develop a self-service till for WH Smith, bringing a personal-computer
culture into the retail environment.
Conran believes the cost of entry to this hi-tech world is a big problem
for medium-sized designers. ‘I don’t think it’s fair to call them
Luddites. New technology may be very appealing to designers but they’re
often constrained by clients who associate it with extra risk.’
Felix Scarlett, a director of packaging design specialist Webb Scarlett,
whose clients include United Distillers, Schweppes and adhesives-maker
Evo, thinks some types of design will always remain outside the reach of
new technology. He points to examples where new technology is not always
a benefit to designers, such as the plethora of lookalike car designs
that emerged in the wake of CAD. ‘Designers allowed their imaginations
to be restricted by a limited palette of aesthetic devices,’ he claims.
There is also the danger that if a designer commits too much to one
particular form of new technology, he will lose imaginative flair,
recommending one high-tech solution over and over again.
John Sorrell, chairman both of Newell & Sorrell and of the Design
Council, agrees that technology is too important to ignore. ‘The way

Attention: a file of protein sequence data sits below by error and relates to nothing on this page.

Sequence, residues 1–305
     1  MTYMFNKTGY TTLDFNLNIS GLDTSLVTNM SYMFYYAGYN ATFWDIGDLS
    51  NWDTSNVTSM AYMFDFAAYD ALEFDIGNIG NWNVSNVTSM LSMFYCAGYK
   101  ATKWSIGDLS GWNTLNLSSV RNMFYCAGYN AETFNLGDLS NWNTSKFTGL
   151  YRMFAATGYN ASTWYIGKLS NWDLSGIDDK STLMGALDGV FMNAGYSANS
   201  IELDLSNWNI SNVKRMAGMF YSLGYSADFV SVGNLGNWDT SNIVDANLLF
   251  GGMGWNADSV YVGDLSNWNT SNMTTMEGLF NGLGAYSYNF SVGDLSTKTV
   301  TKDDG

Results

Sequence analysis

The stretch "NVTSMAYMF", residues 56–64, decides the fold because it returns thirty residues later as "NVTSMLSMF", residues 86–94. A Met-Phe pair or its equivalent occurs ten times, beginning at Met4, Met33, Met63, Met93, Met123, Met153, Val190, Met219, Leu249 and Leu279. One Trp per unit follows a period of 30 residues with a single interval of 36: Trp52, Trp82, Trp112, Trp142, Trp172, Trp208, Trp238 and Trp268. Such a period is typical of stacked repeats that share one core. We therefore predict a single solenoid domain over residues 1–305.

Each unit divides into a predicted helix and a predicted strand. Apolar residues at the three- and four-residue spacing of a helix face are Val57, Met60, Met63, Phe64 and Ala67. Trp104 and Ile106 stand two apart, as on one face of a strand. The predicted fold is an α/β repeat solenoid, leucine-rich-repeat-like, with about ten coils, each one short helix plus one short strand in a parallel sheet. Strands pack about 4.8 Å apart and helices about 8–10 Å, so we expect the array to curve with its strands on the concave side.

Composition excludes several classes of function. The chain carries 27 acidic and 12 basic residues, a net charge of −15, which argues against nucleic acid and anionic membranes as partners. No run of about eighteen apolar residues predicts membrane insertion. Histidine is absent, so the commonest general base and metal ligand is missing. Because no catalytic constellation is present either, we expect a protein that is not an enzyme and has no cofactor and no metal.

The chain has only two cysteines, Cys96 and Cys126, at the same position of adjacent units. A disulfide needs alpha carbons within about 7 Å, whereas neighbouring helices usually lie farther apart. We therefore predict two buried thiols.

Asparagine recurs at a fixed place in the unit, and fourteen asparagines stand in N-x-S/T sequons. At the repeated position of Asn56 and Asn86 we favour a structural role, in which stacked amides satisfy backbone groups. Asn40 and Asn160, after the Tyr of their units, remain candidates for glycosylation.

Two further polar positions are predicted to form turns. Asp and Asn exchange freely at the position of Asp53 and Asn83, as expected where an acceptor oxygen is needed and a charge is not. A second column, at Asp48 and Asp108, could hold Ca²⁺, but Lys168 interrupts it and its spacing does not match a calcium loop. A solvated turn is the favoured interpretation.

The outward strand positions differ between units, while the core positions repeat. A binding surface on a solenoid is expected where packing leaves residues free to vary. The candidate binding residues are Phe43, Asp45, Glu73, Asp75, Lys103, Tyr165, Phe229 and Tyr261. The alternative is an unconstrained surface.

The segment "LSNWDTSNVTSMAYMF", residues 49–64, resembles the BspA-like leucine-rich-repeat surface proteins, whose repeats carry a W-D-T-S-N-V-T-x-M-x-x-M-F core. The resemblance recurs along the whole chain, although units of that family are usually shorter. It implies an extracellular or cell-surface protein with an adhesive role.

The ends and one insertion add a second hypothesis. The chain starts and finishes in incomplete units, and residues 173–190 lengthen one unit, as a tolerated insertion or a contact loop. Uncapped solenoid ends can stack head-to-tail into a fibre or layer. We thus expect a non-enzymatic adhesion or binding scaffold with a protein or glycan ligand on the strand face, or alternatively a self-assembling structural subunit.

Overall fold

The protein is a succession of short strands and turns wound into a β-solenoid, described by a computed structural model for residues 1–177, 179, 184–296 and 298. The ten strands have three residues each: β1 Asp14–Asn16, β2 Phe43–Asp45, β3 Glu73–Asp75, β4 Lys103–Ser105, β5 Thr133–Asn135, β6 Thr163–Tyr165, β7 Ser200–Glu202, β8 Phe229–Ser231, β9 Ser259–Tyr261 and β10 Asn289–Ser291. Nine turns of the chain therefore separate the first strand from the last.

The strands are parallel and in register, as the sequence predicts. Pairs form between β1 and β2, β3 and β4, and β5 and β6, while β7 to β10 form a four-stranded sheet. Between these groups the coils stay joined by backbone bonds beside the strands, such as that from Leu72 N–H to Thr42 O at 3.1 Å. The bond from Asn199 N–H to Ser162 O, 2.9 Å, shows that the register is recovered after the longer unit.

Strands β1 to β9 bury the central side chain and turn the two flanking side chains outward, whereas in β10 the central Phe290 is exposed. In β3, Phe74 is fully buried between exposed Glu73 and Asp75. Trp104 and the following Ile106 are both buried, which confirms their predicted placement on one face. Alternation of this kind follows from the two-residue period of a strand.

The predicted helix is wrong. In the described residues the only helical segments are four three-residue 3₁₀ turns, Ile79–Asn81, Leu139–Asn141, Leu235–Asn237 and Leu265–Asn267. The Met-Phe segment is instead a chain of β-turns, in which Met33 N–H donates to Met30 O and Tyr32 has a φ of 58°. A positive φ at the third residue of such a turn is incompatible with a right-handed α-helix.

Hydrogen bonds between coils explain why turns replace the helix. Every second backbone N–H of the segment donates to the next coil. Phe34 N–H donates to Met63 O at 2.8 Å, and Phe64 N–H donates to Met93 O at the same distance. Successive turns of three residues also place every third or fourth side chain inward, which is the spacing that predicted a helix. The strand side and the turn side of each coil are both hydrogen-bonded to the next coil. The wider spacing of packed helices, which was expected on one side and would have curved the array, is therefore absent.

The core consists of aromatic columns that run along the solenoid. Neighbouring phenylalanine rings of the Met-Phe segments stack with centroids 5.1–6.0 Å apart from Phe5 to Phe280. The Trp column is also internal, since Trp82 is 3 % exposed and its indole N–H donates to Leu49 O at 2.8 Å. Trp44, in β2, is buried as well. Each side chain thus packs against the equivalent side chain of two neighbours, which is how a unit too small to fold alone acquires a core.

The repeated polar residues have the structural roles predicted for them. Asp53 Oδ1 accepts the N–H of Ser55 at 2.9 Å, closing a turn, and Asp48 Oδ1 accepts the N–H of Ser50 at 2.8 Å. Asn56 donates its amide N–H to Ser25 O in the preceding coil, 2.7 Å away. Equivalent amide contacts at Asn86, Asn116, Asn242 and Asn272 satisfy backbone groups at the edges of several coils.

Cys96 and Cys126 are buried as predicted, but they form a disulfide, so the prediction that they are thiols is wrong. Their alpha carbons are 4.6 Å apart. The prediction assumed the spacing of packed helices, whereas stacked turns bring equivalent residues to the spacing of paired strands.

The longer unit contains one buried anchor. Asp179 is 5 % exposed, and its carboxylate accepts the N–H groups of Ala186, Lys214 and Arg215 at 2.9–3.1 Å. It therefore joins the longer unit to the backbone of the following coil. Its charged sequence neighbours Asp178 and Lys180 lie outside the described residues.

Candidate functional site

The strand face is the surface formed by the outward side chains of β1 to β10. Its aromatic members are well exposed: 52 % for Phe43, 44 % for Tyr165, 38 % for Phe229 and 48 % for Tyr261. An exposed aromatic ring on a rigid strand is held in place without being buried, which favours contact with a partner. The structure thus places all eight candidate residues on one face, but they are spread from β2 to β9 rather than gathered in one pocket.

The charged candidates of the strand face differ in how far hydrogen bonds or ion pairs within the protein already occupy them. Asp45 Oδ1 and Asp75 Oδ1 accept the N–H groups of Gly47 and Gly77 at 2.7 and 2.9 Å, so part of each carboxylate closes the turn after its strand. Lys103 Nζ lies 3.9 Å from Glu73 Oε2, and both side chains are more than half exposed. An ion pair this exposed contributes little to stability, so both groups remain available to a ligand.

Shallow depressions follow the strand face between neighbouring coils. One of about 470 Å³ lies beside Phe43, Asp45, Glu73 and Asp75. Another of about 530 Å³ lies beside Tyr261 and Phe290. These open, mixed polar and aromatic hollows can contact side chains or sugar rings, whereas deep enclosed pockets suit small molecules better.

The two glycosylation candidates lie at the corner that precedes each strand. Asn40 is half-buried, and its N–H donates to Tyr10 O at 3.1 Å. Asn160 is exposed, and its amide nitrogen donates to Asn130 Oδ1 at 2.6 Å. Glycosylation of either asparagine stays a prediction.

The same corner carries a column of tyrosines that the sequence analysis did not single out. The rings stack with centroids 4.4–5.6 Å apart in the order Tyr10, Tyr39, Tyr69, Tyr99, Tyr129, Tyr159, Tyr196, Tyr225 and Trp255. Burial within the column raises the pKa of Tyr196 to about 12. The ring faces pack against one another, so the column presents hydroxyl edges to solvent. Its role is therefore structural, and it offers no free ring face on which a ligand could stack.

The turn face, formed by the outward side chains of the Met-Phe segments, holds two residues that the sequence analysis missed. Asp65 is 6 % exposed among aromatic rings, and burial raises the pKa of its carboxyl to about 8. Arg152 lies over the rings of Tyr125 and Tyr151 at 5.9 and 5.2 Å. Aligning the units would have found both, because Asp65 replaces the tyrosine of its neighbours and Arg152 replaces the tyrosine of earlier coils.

the design industry is changing through technological developments means
design consultancies will have no choice but to be aware of all these
things. It’s not a question of whether they want to get involved with
technology or not, it’s simply a ticket to the game in the future.’
He advises designers to forge links with technology specialists, so they
can learn first-hand about the rapid changes going on around them. Two
companies which have already done this are Identica and Dragon
Identica was set up in 1992 by Michael Peters, former head of the high-
profile Michael Peters Group. In his new incarnation, Peters is less
keen to act as a spokesman for the design industry and much more eager
to develop the strong link he has forged with Cambridge-based technology
firm Generics Group.
The two companies have invested in a joint venture, called Identica
Generics, billed as a brand- and product-development consultancy. Two
years ago, it accounted for 10% of Identica’s total turnover. This
year’s forecast puts the figure at 50%.
Clients of Identica Generics, which include Nestle, Unilever, Quaker and
Sellotape, appear to be hooked. Peters explains: ‘These companies are
finding that because they have such limited R&D resources, they are
having to bring in a complete turnkey operation to help them develop
their product portfolio. We have had consistent product breakthroughs
because we’ve been able to transfer technologies from one industry to
An example of this was the development of a radical manufacturing
process to add flavourings to a confectionery product. The technique was
taken from a Korean manufacturer of metal ropes.